I did see a couple of those threads. I know about the Marsh Creeks logs. Michelle from All River Shuttle said she talked with a kayaker who just got off the river. He said there were logs everywhere. I sure hope he just meant the logs were on Marsh Creek. We are planning on doing the river on May 27 with a few rookies.
I don't have info on logs below Dagger but logs like Dagger and pistol creek rapid in particular. It's not unusual for logs to stick in places on the Middle Fork outside of Marsh. Keep in touch with the rangers as they will get trip reports from people taking out and when they reach Indian Creek. If the road opens before your launch date there will probably be good beta. Hopefully there isn't a major log jam this year.
If major obatructions are reported they usually put it on their website, the one for the forest for that river. Search 4 rivers lottery, do not choose any of the recreation.gov results, and go to the forest. If there are just annoying logs, I wouldn't expect them to pass that on.
We should be hearing something soon. Carverdog heard of some folks launching and quite a few others are doing so in a week.
You could also check the idahowhitewater yahoo group, that topic will likely be picking up soon as launch day approaches for many.
I talked with the guy who kayaked from Marsh Creek all the way to Riggins in 3 days. He didn't see any log problems from Boundary on down. But, the river hasn't peaked so you have to be careful. Any loose logs can shift around.
I was on the marsh creek to riggins trip you guys are talking about. We put in last wednesday afternoon (5/1). Yes, marsh creek is full of logs, but there were open paths around almost all of them - we only had one portage. It looked like someone spent some time in there with a chain saw clearing the way. We ran into two raft trips, one of which told us they put in on marsh creek. We didn't get to talk to the other group.
By the way, it was really interesting to paddle through such a severely burned area.
No consequential logs were encountered from boundary creek onward. And of course, as the levels change, more logs can, and most likely will, come into play, so be careful.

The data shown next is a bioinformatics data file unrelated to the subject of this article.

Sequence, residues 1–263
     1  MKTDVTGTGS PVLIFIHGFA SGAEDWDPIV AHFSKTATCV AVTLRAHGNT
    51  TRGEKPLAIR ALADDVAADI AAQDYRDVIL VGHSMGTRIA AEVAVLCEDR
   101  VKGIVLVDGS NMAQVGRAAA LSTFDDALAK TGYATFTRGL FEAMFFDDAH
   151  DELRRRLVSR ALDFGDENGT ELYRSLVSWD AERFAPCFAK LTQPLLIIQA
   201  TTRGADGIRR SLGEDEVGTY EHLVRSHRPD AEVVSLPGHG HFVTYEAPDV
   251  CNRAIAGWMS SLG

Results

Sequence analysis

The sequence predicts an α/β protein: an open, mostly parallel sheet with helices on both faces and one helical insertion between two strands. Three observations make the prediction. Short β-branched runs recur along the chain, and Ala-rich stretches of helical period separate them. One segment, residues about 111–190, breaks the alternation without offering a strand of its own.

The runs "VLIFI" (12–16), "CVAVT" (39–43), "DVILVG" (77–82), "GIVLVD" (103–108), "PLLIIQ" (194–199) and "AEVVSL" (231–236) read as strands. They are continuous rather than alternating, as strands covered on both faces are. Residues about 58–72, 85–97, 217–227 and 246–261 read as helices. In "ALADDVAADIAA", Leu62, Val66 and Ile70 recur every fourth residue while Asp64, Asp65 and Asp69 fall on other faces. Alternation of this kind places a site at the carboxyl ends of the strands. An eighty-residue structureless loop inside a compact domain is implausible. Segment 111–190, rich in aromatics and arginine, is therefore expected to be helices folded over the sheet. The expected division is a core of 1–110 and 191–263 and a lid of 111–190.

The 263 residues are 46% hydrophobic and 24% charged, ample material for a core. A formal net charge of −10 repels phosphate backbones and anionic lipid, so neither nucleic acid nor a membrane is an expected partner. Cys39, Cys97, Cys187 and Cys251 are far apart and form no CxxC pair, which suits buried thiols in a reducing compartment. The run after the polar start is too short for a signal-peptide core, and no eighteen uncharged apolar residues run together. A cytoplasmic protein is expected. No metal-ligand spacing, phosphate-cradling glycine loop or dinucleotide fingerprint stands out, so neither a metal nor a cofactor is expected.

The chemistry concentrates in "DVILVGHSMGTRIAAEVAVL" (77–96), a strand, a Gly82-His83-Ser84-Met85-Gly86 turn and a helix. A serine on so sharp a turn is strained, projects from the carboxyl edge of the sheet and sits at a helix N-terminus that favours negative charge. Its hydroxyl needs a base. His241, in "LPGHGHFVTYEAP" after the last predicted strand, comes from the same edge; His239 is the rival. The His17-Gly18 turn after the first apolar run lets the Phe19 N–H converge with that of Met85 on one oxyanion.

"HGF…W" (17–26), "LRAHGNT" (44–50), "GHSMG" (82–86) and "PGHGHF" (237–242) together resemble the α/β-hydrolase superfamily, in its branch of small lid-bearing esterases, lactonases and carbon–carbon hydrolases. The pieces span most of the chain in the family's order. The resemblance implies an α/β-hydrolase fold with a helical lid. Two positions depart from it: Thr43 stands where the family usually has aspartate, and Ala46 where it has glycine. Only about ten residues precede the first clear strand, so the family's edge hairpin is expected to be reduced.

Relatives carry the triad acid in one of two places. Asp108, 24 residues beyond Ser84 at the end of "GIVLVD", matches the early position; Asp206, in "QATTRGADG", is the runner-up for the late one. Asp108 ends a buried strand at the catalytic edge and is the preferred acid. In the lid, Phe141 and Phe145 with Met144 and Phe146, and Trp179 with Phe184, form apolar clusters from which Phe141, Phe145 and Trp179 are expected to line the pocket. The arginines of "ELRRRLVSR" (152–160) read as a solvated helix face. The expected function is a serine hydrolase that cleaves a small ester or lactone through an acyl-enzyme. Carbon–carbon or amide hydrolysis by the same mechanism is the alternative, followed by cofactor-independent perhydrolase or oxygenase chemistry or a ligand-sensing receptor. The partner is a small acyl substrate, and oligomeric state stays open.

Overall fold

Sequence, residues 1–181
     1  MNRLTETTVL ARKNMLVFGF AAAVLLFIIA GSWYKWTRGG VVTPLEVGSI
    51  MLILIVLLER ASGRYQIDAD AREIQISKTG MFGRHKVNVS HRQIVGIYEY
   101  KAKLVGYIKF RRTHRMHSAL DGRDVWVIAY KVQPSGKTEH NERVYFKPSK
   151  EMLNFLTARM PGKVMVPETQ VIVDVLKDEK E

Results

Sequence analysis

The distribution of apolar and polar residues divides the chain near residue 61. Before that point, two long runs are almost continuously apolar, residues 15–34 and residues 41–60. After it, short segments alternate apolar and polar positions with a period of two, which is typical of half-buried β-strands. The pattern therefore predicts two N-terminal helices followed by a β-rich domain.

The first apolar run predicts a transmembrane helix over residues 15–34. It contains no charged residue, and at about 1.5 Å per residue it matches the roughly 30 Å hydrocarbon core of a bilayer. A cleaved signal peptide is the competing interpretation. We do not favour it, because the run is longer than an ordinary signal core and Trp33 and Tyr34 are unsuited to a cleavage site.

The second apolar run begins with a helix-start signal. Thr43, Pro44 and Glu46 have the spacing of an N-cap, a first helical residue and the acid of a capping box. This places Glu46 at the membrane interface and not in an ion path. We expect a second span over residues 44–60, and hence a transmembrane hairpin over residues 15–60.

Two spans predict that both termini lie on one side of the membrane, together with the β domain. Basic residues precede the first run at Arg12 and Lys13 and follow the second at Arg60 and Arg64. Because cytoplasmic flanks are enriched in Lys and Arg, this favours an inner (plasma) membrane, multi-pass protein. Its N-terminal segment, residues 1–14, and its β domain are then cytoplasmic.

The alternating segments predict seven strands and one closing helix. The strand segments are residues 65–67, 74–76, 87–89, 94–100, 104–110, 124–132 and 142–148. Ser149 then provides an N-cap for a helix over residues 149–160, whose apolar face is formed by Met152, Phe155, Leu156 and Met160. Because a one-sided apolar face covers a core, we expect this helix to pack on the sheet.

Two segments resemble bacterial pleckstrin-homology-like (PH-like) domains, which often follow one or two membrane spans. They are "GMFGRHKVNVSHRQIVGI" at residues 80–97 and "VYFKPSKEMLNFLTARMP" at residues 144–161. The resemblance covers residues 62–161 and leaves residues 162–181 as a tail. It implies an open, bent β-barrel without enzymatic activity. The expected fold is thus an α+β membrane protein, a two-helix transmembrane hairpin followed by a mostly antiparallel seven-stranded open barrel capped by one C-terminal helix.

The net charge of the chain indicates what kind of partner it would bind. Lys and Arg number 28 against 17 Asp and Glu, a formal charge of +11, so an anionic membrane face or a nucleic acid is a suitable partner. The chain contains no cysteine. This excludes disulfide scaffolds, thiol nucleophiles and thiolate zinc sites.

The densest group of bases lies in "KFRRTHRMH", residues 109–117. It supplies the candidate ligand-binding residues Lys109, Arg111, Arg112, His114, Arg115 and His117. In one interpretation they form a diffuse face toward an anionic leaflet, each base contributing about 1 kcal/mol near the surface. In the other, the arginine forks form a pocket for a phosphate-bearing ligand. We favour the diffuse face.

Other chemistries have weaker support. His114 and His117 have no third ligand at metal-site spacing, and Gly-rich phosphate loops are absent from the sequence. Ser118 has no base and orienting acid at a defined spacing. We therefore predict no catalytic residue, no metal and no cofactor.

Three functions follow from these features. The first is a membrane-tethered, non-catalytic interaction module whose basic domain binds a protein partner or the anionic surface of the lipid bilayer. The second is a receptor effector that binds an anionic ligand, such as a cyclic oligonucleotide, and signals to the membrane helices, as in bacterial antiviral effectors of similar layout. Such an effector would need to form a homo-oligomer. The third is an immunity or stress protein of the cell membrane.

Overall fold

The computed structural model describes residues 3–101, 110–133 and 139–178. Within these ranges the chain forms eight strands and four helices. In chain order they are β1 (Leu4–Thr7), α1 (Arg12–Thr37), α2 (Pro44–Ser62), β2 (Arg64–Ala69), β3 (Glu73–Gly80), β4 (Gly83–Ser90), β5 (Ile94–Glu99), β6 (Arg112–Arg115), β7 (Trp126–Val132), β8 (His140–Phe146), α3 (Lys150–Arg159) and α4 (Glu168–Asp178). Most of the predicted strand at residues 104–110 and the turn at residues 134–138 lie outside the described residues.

At least one raft trip has made it down marsh without incident, and they seemed to be paddling at least one 16 footer, so I'd say it's good to go (with appropriate caution, of course) for a raft trip. But all bets are off now that the river is coming up.
I didn't pay much attention to the width of the channels between log hazards, but only one caught my eye as being a pain for anything wider than a kayak. It was only about 6 or 8 feet wide, at the bend in the creek, which made its width hard to judge without bank-scouting. It was near the top of a riffle section, too. So once committed to, it would be hard to adjust plans.
Other than that, and the portage at the entrance to the gorge, marsh creek was a pleasant afternoon of paddling with a surprisingly low amount of charcoal-covered dragging of 100lb boats through thick patches of annoying riparian twigs, over slick rocks, in fading daylight.
"Updated May 9, 2013
Middle Fork Boaters:
Marsh Creek Report: On Thursday, May 9th, the Forest Service river patrol launched on Marsh Creek and radioed the office when they arrived at Boundary Creek at approx. 4 pm. They did not have to portage any trees, as a previous group had cut out 3 trees. However, they saw lots of black, dead wood moving in the water, which will likely create hazards as the water levels fluctuate. The patrol went ultra-light in a cat and a kayak."
USFS just posted that a group shoveled their way through to Boundary on the 15th. They suggested 4wd and clearance. If its like past years, probably just a few spots where that is really needed. They plan to open Boundary Creek guard station some time this week.
It's Idaho, Idaho has trees, Idaho micro burst, Idaho has fires, Idaho has rivers. In Idaho trees in the river are life fish in the river. It's just a fact of life of river running in Idaho. Deal with it.
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